Four months after a mild concussion, brain scans show abnormalities even though symptoms have mostly disappeared, raising concerns that patients are at a greater risk of reinjury than previously thought.
For a while when she was living on the streets, Nira Williams sold beer for $1 a can to the drunks who hung out at the shelters in Phoenix. She didn’t imbibe herself. Alcohol, she said, is one thing she didn’t get hooked on when she was in the U.S. Army.
Vitamin D supplements don’t help boost bone density in healthy adults, judging from a review of 23 studies that suggests the supplement should be limited to people with a documented deficiency to fight osteoporosis.
Improving the U.S. health-care system requires encouraging low-value doctors and hospitals to practice as well as high-value ones do. The gap between the two is wide, but that only shows how much room we have for improvement.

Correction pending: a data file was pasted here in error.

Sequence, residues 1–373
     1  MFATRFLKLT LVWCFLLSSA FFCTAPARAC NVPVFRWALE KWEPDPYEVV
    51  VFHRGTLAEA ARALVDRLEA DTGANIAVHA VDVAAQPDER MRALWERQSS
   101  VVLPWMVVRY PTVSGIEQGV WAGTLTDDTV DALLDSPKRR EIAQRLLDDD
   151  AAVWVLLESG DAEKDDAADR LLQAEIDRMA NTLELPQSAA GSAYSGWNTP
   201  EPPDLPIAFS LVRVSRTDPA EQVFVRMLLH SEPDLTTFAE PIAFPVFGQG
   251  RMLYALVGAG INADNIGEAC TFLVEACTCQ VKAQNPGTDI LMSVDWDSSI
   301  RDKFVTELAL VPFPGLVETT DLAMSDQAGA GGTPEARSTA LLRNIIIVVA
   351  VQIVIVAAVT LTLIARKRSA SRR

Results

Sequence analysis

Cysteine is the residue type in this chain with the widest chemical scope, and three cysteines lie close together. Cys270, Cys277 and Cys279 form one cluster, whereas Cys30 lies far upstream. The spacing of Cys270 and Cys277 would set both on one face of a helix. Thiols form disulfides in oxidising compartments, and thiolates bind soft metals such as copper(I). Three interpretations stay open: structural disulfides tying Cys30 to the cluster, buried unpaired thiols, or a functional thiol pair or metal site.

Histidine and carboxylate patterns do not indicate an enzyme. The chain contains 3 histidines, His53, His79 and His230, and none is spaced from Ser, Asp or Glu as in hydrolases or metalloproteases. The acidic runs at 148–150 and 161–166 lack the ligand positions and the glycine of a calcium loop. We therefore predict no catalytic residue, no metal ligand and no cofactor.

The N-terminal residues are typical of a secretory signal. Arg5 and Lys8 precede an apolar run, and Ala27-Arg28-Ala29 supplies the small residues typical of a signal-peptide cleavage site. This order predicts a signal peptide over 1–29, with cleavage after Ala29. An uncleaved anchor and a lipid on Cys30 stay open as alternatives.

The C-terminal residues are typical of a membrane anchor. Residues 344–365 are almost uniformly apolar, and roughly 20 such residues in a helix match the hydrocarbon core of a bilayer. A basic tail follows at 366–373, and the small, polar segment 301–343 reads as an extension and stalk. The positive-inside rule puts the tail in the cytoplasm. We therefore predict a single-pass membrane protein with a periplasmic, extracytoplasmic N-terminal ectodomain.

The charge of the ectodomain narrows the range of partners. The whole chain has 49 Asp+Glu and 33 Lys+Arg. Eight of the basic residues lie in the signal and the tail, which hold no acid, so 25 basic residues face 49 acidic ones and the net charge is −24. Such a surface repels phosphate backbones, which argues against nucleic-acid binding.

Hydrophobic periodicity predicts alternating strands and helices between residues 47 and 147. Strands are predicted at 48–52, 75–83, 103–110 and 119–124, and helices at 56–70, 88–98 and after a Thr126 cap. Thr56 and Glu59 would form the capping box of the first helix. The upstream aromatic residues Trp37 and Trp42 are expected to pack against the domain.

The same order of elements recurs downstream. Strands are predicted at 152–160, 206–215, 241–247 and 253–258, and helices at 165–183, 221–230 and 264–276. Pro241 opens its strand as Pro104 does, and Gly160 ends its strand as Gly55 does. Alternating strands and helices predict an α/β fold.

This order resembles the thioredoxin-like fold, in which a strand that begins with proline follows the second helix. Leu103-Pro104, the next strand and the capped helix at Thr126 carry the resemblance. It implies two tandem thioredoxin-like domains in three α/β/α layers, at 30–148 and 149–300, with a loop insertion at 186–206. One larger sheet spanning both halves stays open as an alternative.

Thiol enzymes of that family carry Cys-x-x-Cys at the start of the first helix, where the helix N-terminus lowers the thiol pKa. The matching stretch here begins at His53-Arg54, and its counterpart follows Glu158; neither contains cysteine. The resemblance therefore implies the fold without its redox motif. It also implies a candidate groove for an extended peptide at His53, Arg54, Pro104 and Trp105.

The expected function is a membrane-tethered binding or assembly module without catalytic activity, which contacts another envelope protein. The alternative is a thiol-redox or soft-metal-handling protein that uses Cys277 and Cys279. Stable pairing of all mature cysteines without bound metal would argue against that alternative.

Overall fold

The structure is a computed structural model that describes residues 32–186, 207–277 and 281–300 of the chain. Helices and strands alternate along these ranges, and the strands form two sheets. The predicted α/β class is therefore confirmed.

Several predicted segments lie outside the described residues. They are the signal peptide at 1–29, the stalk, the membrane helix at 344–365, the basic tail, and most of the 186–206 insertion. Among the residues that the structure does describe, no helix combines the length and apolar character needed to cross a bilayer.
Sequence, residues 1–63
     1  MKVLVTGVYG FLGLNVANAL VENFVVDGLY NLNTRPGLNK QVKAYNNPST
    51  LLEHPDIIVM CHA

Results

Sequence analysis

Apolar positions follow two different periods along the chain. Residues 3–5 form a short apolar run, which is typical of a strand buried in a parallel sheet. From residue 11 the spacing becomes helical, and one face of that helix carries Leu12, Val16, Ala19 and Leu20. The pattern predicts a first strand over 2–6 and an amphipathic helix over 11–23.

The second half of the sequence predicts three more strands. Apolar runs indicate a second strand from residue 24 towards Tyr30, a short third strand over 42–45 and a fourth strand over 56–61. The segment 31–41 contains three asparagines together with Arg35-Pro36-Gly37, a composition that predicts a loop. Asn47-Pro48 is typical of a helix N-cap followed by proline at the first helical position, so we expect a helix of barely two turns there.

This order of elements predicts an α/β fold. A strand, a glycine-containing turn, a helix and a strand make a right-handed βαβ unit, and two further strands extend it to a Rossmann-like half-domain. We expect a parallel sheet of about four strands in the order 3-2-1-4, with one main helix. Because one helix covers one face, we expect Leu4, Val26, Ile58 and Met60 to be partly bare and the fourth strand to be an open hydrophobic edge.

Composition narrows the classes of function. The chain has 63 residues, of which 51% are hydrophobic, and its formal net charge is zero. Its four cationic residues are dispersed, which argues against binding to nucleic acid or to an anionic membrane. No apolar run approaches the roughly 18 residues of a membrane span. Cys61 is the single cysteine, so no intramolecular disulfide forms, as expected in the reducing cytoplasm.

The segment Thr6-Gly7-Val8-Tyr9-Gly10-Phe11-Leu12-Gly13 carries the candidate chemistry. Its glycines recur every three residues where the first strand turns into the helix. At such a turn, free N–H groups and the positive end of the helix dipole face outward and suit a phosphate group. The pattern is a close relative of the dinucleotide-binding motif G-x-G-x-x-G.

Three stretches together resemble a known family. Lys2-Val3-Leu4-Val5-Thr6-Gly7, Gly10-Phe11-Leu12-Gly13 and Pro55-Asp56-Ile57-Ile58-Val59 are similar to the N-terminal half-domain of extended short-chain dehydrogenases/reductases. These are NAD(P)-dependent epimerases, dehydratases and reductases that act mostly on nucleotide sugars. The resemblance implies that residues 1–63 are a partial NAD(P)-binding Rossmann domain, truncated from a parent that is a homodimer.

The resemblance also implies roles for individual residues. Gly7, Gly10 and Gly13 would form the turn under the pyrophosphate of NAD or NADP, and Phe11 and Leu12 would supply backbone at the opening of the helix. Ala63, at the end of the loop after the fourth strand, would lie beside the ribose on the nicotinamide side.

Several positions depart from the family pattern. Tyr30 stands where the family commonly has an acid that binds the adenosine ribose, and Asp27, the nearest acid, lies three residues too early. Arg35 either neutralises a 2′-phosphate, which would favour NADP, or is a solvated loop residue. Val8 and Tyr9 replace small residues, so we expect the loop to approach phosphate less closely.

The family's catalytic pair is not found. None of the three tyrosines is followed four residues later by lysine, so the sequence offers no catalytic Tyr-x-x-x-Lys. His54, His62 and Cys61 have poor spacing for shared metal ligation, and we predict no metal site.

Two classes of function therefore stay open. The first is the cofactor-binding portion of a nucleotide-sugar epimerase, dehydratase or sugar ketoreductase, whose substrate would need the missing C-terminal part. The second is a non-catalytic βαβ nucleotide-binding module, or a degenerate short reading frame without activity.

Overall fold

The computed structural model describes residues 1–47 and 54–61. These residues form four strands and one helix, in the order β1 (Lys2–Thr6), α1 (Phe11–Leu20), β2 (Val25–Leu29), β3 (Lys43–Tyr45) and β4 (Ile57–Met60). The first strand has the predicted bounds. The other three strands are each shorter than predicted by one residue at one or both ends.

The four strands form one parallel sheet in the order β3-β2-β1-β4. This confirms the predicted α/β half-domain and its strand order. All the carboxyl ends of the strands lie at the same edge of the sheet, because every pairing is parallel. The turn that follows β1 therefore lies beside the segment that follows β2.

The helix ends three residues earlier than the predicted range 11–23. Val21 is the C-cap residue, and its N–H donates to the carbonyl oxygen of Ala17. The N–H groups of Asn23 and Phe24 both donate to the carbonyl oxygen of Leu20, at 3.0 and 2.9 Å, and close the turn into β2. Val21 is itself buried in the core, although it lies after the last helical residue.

The Institute of Medicine will examine whether the process of hydraulic fracturing to extract natural gas from rock “poses potential health challenges,” a Centers for Disease Control and Prevention official said.
Susan G. Komen for the Cure, the breast-cancer advocacy group whose president resigned last year after criticism over funding policies, named Judith A. Salerno as its new president and chief executive officer.
The U.S. military’s approach to treating alcohol and substance abuse is outmoded, according to an Institute of Medicine report citing data showing prescription drug misuse is surging and heavy drinking is common.